Creative Processes and Self Care: with Narilou Studio


Cristina is the creative behind Circular Bodies branding. She lived most of her life in between Asia and Europe. She decided to move to North America and went to Parsons School for Design, which is where we met. We have been good friends since and I feel so honored to have her as the creative force behind the beautiful visual identity to Circular Bodies. 

Cristina, tell me about your work: What influences your aesthetic and inspires you to create?

Hi Dominique, it is so good to be here! As you know, I come from a design strategy background at Parsons and a design engineering background at The Royal College of Art, so I am lucky to have been surrounded by art driven individuals throughout my life. My main inspiration comes from that: living around creatives. When I reflect about my day, take time to breathe, relax and hang out with my community, I feel inspired and stimulated creatively. Through social media I can connect to the artwork of friends all over the globe, which helps me work creatively across different cultures and locations. Community exchanges and conversations inspire my aesthetics and help me visually materialize projects. By having a strong creative community, I feel empowered to innovate my mind and transform ideas into projects.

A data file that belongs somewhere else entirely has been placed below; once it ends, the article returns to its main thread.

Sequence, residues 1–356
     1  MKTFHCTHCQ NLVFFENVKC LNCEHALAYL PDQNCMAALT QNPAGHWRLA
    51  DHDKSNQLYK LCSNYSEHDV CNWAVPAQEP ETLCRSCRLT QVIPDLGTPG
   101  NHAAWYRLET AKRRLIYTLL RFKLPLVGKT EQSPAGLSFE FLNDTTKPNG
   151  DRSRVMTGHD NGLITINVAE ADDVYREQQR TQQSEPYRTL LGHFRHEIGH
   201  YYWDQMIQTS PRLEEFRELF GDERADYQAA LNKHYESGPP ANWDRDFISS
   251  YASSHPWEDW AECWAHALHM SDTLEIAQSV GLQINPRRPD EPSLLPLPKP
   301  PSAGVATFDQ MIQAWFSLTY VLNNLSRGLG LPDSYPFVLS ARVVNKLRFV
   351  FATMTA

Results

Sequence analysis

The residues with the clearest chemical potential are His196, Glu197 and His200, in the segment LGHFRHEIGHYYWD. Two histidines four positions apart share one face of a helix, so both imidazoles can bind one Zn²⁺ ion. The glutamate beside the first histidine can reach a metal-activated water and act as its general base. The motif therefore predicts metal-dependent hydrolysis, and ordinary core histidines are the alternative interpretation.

What was your vision when working in this project for Circular Bodies? If you could describe the brand in a few words, how would you describe it?

A huge advantage for me in this project was already knowing you and having a long relationship through our studies and our careers. Being there for each other on a personal and on a career level really helped. I envisioned building a brand for you, honoring the understanding of your ethos, morals and the energy you give off. Our long time connection was crucial to be able to develop this project as quickly as we did (it came together in just two months!). Even though Circular Bodies identity has a lot of your personal values in it, it is a movement that was created for many other like minded individuals which are the community you are a part of. With that in mind, I knew building Circular Bodies would mean building a collaborative, welcoming brand. 

A word that struck me while developing this project is “feminine”. I know that is a word with a somewhat exclusive connotation and Circular Bodies is definitely not just for women. I define this word as meaning an elegant flow, more as the form of energy than a binary definition. Acknowledging gender as fluidity allows us to embrace characteristics that we are not assigned to us but that we want to embrace. Circular Bodies allows for the celebration of the feminine, a creative flow that connects us to our bodies and to the environment.